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Editorial: Concealed weapons permits — a compelling case for reform

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When it comes to controlling concealed weapon permits, California’s system is badly broken.

That was made distressingly clear in our special report last Saturday by reporter Kris Anderson, who pointed out that while permits are passed out like candy in some counties and cities, they are held tightly in others.

The result is a crazy quilt. For example, someone who obtains a permit in Alpine County can take a concealed weapon into a restaurant in San Francisco, where virtually no permits are issued.

Does this make any sense?

There is no continuity — no logic — to the current setup. And fixing it will be no simple task.

This is a jumble of money and politics, with a trigger attached.

Yet the need for reform is clear.

Consider:

  • A legislative study some years ago showed that many of those with gun permits had made campaign contributions to their local sheriff. So gun permits become, in some cases, a payoff for a financial contribution. That’s legalized corruption.
  • In some counties, such as Sacramento, the sheriff has adopted a very lenient policy of issuing permits, but lacks the budget and resources to process the permits in the timely fashion.
  • In other counties, such as San Francisco, there is, for all practical purposes, a “shall not issue” standard, so permits are simply not handed out.
  • The late police chief of Isleton made headlines by passing out permits to nearly anyone drawing breath, in part to help shore up the town’s finances. Is that a good reason to give someone the right to carry a concealed weapon into Walmart or Denny’s?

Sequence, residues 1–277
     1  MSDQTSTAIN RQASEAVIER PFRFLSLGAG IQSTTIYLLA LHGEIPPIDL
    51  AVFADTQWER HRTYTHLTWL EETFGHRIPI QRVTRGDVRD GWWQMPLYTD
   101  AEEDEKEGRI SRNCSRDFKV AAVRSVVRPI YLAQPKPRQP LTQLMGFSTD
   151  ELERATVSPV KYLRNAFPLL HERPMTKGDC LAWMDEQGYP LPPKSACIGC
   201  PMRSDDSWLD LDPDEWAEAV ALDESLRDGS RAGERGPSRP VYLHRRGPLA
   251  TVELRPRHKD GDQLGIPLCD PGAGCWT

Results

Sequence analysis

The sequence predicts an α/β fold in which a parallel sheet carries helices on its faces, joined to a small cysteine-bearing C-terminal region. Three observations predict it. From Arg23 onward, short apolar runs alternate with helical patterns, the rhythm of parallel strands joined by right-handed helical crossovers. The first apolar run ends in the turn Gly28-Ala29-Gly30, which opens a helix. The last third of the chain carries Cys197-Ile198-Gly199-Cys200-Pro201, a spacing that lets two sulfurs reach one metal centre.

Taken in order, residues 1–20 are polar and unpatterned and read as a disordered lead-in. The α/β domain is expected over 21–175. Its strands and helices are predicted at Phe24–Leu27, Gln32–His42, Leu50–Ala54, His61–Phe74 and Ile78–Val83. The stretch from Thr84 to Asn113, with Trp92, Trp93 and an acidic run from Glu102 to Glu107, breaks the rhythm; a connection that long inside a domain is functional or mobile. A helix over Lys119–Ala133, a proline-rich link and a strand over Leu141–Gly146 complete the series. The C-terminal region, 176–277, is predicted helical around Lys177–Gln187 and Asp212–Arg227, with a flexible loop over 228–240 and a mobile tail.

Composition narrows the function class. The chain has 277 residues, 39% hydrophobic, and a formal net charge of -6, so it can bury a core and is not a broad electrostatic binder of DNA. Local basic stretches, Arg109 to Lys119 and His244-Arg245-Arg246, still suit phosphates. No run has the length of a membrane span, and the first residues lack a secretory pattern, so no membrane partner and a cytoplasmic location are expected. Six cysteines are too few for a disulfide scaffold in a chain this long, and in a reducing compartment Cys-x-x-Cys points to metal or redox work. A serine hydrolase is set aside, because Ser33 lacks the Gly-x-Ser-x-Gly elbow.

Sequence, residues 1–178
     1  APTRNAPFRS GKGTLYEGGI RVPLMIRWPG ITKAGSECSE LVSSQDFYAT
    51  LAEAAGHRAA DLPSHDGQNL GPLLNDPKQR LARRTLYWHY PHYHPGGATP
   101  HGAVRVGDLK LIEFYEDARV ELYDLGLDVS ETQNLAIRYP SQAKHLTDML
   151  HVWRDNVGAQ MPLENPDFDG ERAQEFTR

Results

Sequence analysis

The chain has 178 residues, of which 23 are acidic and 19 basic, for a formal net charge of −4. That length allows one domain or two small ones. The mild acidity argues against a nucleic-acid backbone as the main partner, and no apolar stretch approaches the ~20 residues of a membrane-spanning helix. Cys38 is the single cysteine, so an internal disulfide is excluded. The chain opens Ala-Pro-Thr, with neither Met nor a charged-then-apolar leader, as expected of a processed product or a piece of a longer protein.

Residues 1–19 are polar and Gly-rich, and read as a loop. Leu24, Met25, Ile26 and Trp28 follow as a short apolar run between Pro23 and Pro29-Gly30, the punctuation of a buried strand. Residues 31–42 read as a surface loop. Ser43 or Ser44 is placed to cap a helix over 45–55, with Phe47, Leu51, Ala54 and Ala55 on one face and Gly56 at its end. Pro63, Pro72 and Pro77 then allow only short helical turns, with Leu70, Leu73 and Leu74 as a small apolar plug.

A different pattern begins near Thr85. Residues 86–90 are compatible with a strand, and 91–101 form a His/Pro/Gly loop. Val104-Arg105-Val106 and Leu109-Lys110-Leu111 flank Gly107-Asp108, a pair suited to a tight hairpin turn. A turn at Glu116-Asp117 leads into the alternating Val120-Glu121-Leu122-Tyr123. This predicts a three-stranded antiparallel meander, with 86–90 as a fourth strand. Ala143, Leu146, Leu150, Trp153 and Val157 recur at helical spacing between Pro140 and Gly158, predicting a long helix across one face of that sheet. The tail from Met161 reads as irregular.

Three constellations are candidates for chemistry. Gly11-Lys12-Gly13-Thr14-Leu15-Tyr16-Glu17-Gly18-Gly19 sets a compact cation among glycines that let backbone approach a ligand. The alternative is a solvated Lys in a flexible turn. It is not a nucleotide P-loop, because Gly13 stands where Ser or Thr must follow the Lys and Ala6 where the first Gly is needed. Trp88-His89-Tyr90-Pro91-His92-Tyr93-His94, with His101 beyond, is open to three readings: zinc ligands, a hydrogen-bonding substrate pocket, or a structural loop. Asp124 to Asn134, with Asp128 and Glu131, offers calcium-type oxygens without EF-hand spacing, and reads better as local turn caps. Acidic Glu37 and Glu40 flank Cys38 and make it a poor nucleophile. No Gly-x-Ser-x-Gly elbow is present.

• There are dozens of agencies in California with the power to issue permits, and each has its own standards and criteria.

This isn’t a system. It’s chaos.

Just to be clear, you don’t need a permit to have a weapon in the privacy of your own home. But you do if you are traveling in a car, or walking a public street, or inside a public building. Those who seek permits often handle money or jewelry or other valuables. Or they may carry legal drugs.

In many jurisdictions, a rigorous set of standards is imposed before a permit is issued. A psychological test may be required, along with firearms safety and training.

In other jurisdictions, all that’s required is the standard criminal background check. So if you aren’t a felon, you can pack heat at your favorite movie theater.

There are few issues as polarizing as gun ownership, and that extends to the granting of concealed weapons permits. Some advocates contend the Second Amendment should be construed to mean that anyone who wants to carry a concealed weapon should be allowed to do so, no questions asked. That is currently the case in a few mainly very rural states, such as Alaska.

Then there are anti-gun types who don’t see any need for concealed weapons. That mentality prevails in San Francisco, with a population of 700,000, which has issued exactly two concealed weapons permits.

Is there any middle ground? Can’t we provide some semblance to uniformity here? In Oregon, permits are issued only by counties, and those counties work hard at establishing and abiding by common standards.

Surely there must be a way to grant permits to those who have legitimate reason to carry them, while culling those who don’t.

And surely there is a way to extract some the local politics out of this, so the issuance of a permit doesn’t depend on a chief or a sheriff’s druthers, budget priorities, or willingness to scratch the back of a campaign donor.

Creating a more coherent approach will take some resolve and compromise. It will demand the involvement of many stakeholders, and the careful examination of varied options.

In our recent special report, we highlighted several lawmakers, including Assemblywoman Kristin Olson, who believe the status quo can and should be improved. Perhaps she can reach out to other area lawmakers, such as Dr. Richard Pan, to launch the exploration to higher, better ground.